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Slow poison

MS Dhoni invited the opposition to a game of patience, showed he had several plans in place and his team executed them expertly to smother Australia's chances of winning a match they must, reports Atreyo Mukhopadhyay.

cricket Updated: Nov 08, 2008 23:13 IST
Atreyo Mukhopadhyay

On a day the balance of the final Test could have tilted to either side, India stayed away from direct confrontation. Mahendra Singh Dhoni invited the opposition to a game of patience, showed he had several plans in place and his team executed them expertly to smother Australia's chances of winning a match they must.

The skipper employed what under the circumstances can be called the cricketing equivalent of Queen's Indian Defence. Australia were out to score at a fast clip and it was imperative for India to check this or take wickets. Dhoni saw the risk of conceding quick runs involved with the second and blocked almost all possible ways of scoring.

Coming into the third day with a run rate of 3.85, Australia managed 42 in 24 overs before lunch and 49 in 29 before tea. Even though things changed later, 166 in 85.4 overs was what they got. Their bid to march towards India's total -- or go further -- slow-poisoned, they went back plotting one final assault on India who have a lead of 86 runs.

Throughout the series, Australia have tried out some unconventional placements of fielders without much success. On Saturday, Dhoni started by positioning eight men on the off side against the left-handed pair of Simon Katich and Michael Hussey. Zaheer Khan with Ishant Sharma bowled to this plan unchanged for 18 overs.

They were bowling wide, sometimes very wide. The bat had to be flashed if scoring was the priority and one such attempt resulted in a chance in the second over. Katich was on 94 when he had a go at Ishant but Rahul Dravid at first slip saw the ball pop out after getting both hands to it waist-high to his left. One more edge fell short and another flew away, but India were willing to wait.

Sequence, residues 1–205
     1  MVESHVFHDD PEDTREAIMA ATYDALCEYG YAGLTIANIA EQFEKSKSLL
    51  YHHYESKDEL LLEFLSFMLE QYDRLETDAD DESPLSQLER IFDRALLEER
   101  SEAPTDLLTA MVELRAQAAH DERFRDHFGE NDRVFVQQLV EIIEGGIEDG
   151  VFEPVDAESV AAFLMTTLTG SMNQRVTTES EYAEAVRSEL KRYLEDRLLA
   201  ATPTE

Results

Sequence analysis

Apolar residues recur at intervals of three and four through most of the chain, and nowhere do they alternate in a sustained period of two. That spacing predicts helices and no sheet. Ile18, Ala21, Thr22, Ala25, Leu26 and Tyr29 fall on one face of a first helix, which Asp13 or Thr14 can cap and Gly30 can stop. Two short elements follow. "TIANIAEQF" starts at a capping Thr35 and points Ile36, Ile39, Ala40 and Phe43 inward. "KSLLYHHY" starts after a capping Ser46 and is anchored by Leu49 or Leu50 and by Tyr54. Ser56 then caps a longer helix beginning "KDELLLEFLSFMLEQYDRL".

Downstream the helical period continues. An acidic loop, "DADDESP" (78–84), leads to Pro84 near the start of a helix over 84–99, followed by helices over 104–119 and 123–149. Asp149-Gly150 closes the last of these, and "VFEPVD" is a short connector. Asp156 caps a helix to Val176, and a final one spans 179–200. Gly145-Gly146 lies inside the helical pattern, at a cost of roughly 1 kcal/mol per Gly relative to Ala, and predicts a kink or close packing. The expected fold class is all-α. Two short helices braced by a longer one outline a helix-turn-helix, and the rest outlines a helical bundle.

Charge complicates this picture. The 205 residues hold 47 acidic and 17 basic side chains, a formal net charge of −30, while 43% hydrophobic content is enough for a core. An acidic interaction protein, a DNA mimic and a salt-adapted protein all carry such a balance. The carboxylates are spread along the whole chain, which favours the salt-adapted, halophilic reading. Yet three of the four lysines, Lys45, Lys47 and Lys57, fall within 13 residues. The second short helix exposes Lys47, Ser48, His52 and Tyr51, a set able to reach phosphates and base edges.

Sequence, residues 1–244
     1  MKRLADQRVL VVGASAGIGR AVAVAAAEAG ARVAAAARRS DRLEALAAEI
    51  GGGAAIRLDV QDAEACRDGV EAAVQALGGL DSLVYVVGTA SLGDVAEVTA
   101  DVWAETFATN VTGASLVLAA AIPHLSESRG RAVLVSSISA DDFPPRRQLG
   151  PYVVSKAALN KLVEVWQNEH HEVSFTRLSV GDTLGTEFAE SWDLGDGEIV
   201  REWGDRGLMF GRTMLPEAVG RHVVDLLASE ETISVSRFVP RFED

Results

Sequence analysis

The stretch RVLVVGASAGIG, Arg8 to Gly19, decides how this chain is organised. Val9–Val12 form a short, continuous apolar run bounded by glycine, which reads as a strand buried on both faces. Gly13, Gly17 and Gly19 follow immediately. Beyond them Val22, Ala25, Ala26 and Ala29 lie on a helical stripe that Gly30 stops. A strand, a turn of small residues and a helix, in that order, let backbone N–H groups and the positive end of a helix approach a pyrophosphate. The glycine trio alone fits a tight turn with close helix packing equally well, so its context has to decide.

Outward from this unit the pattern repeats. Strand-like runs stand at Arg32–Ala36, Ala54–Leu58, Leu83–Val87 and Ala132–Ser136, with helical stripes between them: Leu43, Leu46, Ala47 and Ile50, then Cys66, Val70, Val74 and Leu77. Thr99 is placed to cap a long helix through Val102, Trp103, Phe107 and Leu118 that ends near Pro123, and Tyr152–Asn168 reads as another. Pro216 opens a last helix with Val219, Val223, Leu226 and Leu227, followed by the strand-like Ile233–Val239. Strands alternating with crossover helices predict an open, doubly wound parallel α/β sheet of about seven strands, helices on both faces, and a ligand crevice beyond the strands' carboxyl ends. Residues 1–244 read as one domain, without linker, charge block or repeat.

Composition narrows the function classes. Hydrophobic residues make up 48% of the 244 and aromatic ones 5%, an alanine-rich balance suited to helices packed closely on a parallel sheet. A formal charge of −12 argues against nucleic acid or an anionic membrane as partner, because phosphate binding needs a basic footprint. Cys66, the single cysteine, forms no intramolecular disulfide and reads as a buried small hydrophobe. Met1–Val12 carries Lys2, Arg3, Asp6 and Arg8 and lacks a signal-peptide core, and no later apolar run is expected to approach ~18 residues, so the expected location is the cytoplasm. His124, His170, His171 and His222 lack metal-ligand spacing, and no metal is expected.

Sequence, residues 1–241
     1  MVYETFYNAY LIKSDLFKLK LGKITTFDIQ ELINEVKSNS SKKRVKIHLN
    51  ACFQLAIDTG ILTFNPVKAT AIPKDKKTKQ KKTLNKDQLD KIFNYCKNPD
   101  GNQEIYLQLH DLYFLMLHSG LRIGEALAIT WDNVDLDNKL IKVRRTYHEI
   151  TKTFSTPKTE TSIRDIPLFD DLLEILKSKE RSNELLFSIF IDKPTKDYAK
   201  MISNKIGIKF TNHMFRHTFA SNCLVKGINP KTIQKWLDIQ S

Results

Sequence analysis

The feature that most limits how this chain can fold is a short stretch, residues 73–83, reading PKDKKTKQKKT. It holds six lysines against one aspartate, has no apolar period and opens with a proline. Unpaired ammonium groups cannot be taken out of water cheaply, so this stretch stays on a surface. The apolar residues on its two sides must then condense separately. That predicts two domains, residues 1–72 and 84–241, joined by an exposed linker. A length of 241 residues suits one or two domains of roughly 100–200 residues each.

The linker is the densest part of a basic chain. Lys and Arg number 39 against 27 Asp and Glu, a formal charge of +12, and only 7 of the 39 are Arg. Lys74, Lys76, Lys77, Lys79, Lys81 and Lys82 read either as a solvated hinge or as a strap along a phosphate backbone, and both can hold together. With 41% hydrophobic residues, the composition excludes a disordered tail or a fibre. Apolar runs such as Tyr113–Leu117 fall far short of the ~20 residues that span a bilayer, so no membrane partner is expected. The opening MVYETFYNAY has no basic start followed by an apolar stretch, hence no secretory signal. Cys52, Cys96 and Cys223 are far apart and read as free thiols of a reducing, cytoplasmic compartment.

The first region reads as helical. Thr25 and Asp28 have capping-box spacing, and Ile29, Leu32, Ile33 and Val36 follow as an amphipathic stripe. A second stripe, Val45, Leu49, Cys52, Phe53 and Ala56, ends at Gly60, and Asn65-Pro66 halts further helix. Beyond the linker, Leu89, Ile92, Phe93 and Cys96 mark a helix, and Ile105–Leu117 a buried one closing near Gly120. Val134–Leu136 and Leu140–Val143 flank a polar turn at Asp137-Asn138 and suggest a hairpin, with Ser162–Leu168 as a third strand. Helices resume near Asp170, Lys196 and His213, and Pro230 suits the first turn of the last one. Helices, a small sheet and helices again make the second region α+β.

It was critical that the bowlers, especially Ishant who was coming over the wicket, didn't drift in line. That there was just one single on the leg-side in this period and that too in the last over of Ishant's first spell proves how steadfastly and unerringly they executed this plan. People may term it negative, but as long as one doesn't violate rules, everything is positive in India-Australia matches these days.

Dhoni showed he had plan B ready when he brought Harbhajan Singh over the wicket against the left-handers with a six-three leg-side field. The off-spinner was pitching it outside leg, inviting them to play against the spin or stroke inside out through the open region between point and mid-off. The batsmen tried neither, barring two occasions: once when Hussey played a reverse sweep and another time when he drove through covers.

The fielding has to be good to back any plan and except for the missed catch, India intercepted many balls inside what would have been the 'ring' in a one-day match. Ageing bodies were diving, attempts were made to prevent singles being converted into twos and despite bowling long spells, Zaheer and Ishant showed great commitment chasing in the deep.

Luck didn't favour Australia either. Hussey was run out after setting off for a single to break the shackles, but saw his punch getting stuck in silly-point M. Vijay's extended right hand. The debutant showed remarkable reflex again by flicking the ball towards the stumps, behind which Dhoni completed the job. Shane Watson too was a bit unlucky to see the ball roll back after he thought he had got enough bat on it to drop it dead at his feet.

It wasn't defensive throughout. Zaheer attacked when he was getting the ball to come back in to right-handers in a short burst before lunch and in another after it. Ishant too went flat out in his second spell and got Michael Clarke with his special ball that straightens after pitching. Attacking and defending, they demonstrated the variety of plans Dhoni unveiled on Saturday.